Jeffrey Fadness who started this discussion asks in the sub-headline text:
    "what's to stop us from creating the cognitive faculties that enable consciousness, thinking, reasoning, perception, and judgement?"

    These cognitive faculties need something without which they cannot exist and at least today look as which cannot be created within any computer, and that is : The experiencer.

    In some essay I had read, the author there put it very nicely & precisely. He wrote something like: The brain is not the creator of our thoughts, memories, knowledge. Our brain is just a display of them in form of electric currents and chemical activity.

    In other words, the Brain (or at least its activity) is not the cause for our thoughts and memories, but the result of them.
    • Mar 18 2013: If the human consciousness cannot be recreated as you are saying in the end. Then why not transfer one?

      Isn't the human consciousness the path electric activity takes within the brain which I'd way different in every other body. So why not map the path of it and transfer? And use a real human consciousness to learn the digital environment how to use everything it has to recreate a part of consciousness?
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        Apr 2 2013: I have nothing against transferring, mapping, learning the human brain activity. But it should be strictly kept in mind while doing all this that what we are doing is just to simulate or replicate or mimic the physical effects of the brain. But as I tried to explain with various examples, the transferring or simulation of these effects in computer do not recreate the very consciousness or experience, just like an ultrasound simulation on a screen of a embryo in the womb is not the embryo itself but just an electronic display of it to our eyes or consciousness for learning it and nothing more than that.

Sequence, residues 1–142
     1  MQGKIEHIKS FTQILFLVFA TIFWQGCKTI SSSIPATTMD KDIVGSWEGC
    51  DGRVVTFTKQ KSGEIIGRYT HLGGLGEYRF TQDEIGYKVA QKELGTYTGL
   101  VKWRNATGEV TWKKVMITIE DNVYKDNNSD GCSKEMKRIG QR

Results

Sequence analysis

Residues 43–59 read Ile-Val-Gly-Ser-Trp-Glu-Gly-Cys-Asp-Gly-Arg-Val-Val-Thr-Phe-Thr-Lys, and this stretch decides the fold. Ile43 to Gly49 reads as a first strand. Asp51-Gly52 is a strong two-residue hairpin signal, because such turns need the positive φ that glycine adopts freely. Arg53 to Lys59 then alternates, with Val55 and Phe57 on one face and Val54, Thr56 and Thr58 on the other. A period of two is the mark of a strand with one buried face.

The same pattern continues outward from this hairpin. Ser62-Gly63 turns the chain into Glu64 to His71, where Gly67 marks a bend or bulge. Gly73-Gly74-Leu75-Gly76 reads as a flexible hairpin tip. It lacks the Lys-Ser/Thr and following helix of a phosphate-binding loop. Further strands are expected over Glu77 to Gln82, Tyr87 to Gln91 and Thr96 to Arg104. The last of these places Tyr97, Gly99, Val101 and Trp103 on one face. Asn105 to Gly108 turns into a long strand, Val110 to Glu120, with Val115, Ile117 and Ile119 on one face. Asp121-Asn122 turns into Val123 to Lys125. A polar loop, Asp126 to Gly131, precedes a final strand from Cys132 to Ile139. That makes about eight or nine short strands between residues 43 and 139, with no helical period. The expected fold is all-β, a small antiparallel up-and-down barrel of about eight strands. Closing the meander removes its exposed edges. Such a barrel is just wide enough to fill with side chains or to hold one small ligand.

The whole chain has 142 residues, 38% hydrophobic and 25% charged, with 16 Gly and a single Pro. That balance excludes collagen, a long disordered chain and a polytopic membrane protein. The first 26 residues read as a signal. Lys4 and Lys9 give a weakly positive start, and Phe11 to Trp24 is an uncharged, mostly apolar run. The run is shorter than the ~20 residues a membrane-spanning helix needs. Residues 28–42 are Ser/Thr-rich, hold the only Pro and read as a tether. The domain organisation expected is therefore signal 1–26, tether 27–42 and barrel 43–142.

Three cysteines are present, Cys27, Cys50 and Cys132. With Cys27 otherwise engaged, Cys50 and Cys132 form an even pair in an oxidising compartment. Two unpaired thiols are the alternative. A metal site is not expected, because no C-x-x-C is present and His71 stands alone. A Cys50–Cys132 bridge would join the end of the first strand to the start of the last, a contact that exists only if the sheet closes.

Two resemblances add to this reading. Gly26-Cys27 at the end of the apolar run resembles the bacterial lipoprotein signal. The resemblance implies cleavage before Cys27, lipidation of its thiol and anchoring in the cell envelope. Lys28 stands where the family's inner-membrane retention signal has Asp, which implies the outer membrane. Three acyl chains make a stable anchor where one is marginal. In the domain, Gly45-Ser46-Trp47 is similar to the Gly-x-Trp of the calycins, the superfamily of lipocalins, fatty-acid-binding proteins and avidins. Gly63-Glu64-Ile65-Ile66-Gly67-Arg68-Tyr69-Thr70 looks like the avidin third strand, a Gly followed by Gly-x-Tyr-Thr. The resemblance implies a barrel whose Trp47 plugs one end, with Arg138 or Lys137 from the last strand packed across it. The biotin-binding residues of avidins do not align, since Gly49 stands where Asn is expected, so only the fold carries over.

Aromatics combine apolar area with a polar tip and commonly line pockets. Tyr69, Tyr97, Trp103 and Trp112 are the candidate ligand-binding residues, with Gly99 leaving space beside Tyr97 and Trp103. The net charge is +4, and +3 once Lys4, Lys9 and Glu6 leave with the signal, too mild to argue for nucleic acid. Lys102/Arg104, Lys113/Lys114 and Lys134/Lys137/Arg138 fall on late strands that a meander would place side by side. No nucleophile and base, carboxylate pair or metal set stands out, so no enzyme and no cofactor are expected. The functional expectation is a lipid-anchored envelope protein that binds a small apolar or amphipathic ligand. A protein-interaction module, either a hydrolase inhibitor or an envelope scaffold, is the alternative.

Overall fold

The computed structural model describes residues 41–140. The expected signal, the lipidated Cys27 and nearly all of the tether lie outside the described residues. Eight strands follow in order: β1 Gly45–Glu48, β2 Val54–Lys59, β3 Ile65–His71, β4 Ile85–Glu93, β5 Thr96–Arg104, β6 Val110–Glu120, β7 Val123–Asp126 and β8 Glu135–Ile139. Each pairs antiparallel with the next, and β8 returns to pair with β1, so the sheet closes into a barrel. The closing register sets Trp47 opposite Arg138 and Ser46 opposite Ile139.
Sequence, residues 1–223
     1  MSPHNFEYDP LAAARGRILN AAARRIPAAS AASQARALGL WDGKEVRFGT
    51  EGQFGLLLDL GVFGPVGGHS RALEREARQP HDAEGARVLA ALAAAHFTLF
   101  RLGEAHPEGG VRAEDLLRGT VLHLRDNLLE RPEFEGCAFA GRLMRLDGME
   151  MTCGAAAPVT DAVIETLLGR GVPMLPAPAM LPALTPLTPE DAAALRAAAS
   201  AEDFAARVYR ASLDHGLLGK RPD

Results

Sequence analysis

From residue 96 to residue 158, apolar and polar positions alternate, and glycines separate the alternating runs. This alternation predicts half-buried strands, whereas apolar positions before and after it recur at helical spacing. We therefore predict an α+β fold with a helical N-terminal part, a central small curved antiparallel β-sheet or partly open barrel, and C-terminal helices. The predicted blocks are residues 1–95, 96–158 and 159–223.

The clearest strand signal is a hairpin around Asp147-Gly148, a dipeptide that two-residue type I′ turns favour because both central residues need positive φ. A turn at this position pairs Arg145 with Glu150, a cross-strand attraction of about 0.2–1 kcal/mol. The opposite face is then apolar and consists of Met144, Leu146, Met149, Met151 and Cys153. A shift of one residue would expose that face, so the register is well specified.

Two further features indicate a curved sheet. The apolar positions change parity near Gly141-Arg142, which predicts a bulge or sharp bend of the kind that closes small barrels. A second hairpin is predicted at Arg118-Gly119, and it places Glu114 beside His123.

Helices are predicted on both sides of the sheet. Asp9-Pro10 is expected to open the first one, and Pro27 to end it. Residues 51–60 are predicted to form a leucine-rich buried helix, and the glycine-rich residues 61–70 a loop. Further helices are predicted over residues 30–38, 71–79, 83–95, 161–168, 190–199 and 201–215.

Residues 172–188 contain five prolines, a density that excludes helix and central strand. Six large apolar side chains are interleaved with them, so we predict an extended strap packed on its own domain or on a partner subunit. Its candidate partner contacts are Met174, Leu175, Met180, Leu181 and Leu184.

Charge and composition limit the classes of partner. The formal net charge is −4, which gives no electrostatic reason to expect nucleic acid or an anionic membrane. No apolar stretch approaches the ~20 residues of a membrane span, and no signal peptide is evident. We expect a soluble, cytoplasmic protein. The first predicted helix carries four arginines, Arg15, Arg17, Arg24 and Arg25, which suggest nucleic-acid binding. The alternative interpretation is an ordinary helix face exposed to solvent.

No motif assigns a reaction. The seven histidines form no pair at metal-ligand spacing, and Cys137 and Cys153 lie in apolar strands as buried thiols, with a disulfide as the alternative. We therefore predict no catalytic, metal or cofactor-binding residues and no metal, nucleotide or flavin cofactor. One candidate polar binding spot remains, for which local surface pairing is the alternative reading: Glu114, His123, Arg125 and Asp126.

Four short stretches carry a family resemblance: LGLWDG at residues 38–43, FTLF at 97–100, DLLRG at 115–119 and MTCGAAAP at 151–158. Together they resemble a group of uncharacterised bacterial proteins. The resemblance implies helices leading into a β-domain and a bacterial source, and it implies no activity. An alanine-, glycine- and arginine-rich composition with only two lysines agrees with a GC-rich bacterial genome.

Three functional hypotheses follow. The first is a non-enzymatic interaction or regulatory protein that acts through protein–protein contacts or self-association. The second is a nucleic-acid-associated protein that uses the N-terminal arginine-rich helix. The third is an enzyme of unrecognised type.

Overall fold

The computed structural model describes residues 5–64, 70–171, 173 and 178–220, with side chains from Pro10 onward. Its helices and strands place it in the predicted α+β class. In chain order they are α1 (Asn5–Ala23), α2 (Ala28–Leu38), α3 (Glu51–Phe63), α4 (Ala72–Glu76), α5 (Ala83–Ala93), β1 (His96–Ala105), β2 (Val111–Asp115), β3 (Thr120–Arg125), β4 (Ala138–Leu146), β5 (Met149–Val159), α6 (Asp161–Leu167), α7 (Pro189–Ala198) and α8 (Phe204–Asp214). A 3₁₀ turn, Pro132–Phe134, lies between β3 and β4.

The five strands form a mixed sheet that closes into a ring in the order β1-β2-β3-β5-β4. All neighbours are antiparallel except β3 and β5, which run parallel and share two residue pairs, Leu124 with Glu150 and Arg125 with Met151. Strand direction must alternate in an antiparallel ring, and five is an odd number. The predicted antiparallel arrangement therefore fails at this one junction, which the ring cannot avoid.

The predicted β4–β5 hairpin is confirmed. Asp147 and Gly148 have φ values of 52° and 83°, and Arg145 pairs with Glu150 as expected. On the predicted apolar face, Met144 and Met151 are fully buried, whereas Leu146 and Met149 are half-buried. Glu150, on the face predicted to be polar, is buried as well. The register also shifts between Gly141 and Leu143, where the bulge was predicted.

This discussion originated from the very idea//argument of creating a digital human mind and so my original comment was aimed against this idea//argument, not against a digital simulation of the mind's physical display or effects as they appear in the brain.
        • Apr 3 2013: Yes testing simulating everything that is good for our understanding of ourselves..

          But what if they were to create a digital mind that isn't based on any human so far...
          What might happen if the worst possible scenario happens.
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        Apr 3 2013: Actually this is a reply to your last comment of mine.

        Your question deals with a problem which the mankind had already dealt and still dealing with other similar problems.

        See what's going on now with the nuclear energy or the dynamite. The nuclear energy discovery originally was a pure outcome of mankind's curiosity and ambition for understanding more. The dynamite was an outcome of the ambition to ease the work for paving roads. But as we all see now, they have become an enormous threat to our very existence.